Solar cars make visit to county
UFO's invaded Covington County Sunday afternoon and Monday, but they weren't full of little green men, but instead, high school students from across the country.
The UFO's were actually cars - solar cars to be precise, and they were participating in the Dell-Winston Solar Car Challenge, a cross-country race from Round Rock, Texas to Cocoa Beach, Fla.
The race is more than a speed and endurance challenge, it's about teamwork and overcoming challenges according to Dr. Lehman Marks, race director and sponsor of team from The Winston School in Dallas, Texas.
"We do this race to try and encourage kids to enter careers in science and engineering," Marks said during the race's overnight stop at the Comfort Inn in Andalusia. "It's about working together, learning teamwork, and overcoming obstacles."
Marks added it teaches the students one more very important lesson.
"A race like this teaches the kids dedication," he said. "They have to work on their car for several months, raising the money to build it, design - all aspects. They learn they have to be dedicated in order to get it done."
For some of the teams, building the car and then racing it isn't about winning, but more about teaching.
Keith Reese, sponsor of the Sundancer car from the Houston Vocational Center in Houston, Miss., said the learning experience is one of the things that makes the race so special.
"The challenge is to push our students as hard as we can," Reese said. "It is a great project for students to be involved in. It teaches math and science skills, but it also teaches them teamwork, social skills, discipline and leadership.
"The kids learn a lot of life lessons during a race. You see a lot of defining moments in a student's life during a race like this. Many of them blossom on an adventure like this, and that's what makes solar car racing so great."
When the cars breaked for the night in Andalusia, the Houston team was in the lead, but as Reese pointed out, things can change instantly.
"Right now, we are in the lead, and with continued good luck, we can maintain it, but you never know what could happen on the road, or when the weather could turn bad on you," he said. "Whoever comes out on top, comes out on top. It's not just about winning."
That sentiment was shared by another team, one with an international flavor.
"This has been a great experience," said Alejandro Martinez Rios, sponsor of the Apache team from Escuela Preparatoria Federal Diurna El Chamizal in Juarez, Mexico. "We've been working hard all year, and just taking the race is a prize for the team. Learning how to solve problems along the race route, meeting lots of new people, and seeing the students grow - it's all part of a wonderful experience."
The students on the team from Mexico range in age from 15 to 18, and have had their share of excitement thus far in the race.
"We won the fourth day," Rios said. "The kids were very excited to have won a day, and that pumped them up for the rest of the race."
For Abraham Ramos, 17, the race has been a great learning experience.
"This is my second race, and I've enjoyed the trip," he said. "Meeting new people and being with my friends has made it easier to be away from my family in Mexico. I've also enjoyed learning about the other cars."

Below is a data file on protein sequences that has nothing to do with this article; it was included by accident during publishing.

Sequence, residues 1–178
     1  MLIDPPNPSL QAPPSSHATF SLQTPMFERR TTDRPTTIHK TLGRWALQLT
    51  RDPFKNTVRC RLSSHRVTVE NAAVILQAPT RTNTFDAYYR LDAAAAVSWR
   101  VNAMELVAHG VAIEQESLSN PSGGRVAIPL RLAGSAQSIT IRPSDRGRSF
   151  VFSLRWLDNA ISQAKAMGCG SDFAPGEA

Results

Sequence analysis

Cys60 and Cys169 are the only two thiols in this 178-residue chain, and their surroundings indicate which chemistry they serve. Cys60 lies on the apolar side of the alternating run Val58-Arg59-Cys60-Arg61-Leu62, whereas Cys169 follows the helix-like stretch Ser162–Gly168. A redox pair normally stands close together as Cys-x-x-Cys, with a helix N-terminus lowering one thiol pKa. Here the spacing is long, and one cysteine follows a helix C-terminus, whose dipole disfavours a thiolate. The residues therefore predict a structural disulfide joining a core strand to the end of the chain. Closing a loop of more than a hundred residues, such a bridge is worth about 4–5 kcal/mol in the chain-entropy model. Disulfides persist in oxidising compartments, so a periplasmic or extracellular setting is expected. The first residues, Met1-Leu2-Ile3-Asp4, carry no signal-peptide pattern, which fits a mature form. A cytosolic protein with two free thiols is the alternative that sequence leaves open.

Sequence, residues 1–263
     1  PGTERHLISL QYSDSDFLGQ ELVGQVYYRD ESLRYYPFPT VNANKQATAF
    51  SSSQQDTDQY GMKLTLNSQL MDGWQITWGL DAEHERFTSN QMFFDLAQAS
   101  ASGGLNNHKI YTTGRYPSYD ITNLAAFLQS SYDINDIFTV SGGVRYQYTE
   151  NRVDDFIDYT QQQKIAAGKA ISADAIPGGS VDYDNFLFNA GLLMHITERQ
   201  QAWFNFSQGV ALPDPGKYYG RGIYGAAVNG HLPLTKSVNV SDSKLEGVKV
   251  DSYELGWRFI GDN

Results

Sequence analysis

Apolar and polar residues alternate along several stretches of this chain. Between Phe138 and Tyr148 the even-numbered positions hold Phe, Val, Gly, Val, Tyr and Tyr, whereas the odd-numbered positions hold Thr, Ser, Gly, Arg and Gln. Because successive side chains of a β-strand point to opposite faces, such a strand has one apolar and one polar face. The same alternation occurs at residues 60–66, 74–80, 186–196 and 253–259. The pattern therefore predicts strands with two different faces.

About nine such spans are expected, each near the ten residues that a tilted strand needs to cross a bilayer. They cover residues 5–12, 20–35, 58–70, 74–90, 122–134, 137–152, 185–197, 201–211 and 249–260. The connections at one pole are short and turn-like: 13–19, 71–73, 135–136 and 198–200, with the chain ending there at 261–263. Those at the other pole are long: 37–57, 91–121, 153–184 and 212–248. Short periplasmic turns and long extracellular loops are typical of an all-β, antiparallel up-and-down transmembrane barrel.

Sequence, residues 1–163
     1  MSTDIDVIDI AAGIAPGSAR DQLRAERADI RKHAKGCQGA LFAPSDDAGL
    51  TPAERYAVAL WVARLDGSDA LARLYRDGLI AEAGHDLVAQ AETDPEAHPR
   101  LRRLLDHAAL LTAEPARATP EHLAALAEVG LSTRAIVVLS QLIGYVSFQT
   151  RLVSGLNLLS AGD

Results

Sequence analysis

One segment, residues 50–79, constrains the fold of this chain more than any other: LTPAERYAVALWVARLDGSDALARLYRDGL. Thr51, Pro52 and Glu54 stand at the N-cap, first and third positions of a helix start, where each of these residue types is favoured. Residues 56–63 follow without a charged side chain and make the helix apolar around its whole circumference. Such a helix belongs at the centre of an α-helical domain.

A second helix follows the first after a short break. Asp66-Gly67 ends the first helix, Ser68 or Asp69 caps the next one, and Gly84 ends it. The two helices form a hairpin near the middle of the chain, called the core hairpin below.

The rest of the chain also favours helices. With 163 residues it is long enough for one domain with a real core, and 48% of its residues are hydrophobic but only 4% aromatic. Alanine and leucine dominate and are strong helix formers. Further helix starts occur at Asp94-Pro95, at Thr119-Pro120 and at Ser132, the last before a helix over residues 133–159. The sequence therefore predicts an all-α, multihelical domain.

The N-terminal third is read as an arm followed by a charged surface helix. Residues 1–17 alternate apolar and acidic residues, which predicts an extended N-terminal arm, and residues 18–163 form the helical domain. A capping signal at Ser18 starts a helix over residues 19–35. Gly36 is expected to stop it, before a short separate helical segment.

Luis Carlos, 18, agreed with Ramos.
"It's my second race too, and I've enjoyed the trip," Luis said. "I like learning how to fix the problems that come up in the race and the driving. It's a little squeezed in the car, but it's all part of the race."
For both boys, the race has had some new adventures, especially their trip through Mississippi and Alabama.
"I really like the moss hanging from the trees," Abraham said. "It was really pretty in Natchez, Miss., and the hills and forests through here have been very pretty."
For Luis, the wildlife has been an interesting part of the trip.
"The animals that are on the side of the road with their legs up - armadillos - and the big black birds that won't get out of your way on the road, those have been interesting," he said.
What Luis was referring to were buzzards, one of which he had a close encounter with while he was driving.
"This big black bird just wouldn't get out of the way," Luis said. "It wasn't afraid of anything."
As for the race through Covington County, the teams departed the Comfort Inn in Andalusia on staggered time schedules beginning at 9 a.m., and drove U.S. Hwy. 84 to Opp, before turning south of U.S. 331. Once the teams arrived in Florala, they had a mandatory 15 minute rest stop at the Piggly Wiggly, where several of the teams got a good look at Lake Jackson before motoring on to Marianna, Fla. for the night.
Of course, with the cars being solar-powered, the weather plays a vital role in the speed and capabilities of each vehicle, as was evident as the cars began arriving in Florala Monday around 10:30 a.m., and a thunderstorm approached.
"You're at the mercy of the weather sometimes," said Reese. "If it's raining or cloudy, you can't recharge your car, and in you don't want to be in these cars when it's lightning."
Fortunately, the rains held off long enough for the cars from Houston, Columbus, Ind., and New York to depart Florala, but Colorado and Mexico got caught in the storm, before reaching Florala. Colorado decided to load their car into its trailer and drive to the rest stop, sacrificing just a few miles in penalties, while Mexico opted to try and wait out the storm at the rest area on U.S. 331.